How dusty & chief mayuni met

Dusty first met the chief by chance while camping in the area in 1995. Dusty was driving with a friend toward Horseshoe Bend when a MET vehicle approached from the front. Both cars moved to the side of the road in order to pass one another. Since Dusty and the MET driver, a ranger called Matambo, knew each other they stopped the vehicles door to door for a chat. Next to Matambo sat a smartly dressed elderly gentleman with a broad-brimmed hat. He smilled, looked at Dusty and shouted past the ranger, “Hello, do you know who I am?” Before Dusty could answer the elderly gentleman repeated his question. Dusty frowned and asked in the same stern voice “No…., do you know who I am?” They both laughed and the gentleman said “ I am Chief Mayuni, I am the Chief of this area.”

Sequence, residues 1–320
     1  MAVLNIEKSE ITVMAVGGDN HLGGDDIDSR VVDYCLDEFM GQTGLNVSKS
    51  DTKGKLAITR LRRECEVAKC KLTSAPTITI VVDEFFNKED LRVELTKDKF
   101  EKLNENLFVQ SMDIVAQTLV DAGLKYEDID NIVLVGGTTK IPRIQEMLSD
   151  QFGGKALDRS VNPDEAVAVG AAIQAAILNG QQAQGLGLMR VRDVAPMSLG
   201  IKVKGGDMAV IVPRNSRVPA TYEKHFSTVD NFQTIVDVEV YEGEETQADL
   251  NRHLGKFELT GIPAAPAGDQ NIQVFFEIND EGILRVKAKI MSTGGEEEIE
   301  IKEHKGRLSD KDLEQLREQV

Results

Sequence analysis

Dusty immediately clapped his hands in the traditional way of greeting a Chief, got out of the car, and clapping his hand once again and stating his name as he approached the Chief. When he stood next to him at the car door, Chief Mayuni said, “Ah..,you are Dusty Rodgers from Impalila Island?” Dusty answered, “Yes Sir, I am”. Then the Chief said I have heard about you and I will come to visit you on Impalila.” Later, during that visit to Impalila, Chief Mayuni invited Dusty to look at his tribal area for an investment opportunity.

Signing he Nambwa tender

Where the names for the lodges comes from

According to the story that the Chief tells, Nambwa means ‘place of the dog’. Nambwa once used to be the home of an acclaimed hunting dog which lived there with its owner long before the site became part of a national park.

Kazile Island Lodge was referred to by the South African Army as ‘Paradise Island’ and always remained a virgin island until African Monarch Lodges built and opened the Lodge on 21 March 2017, on Namibia’s Independence day.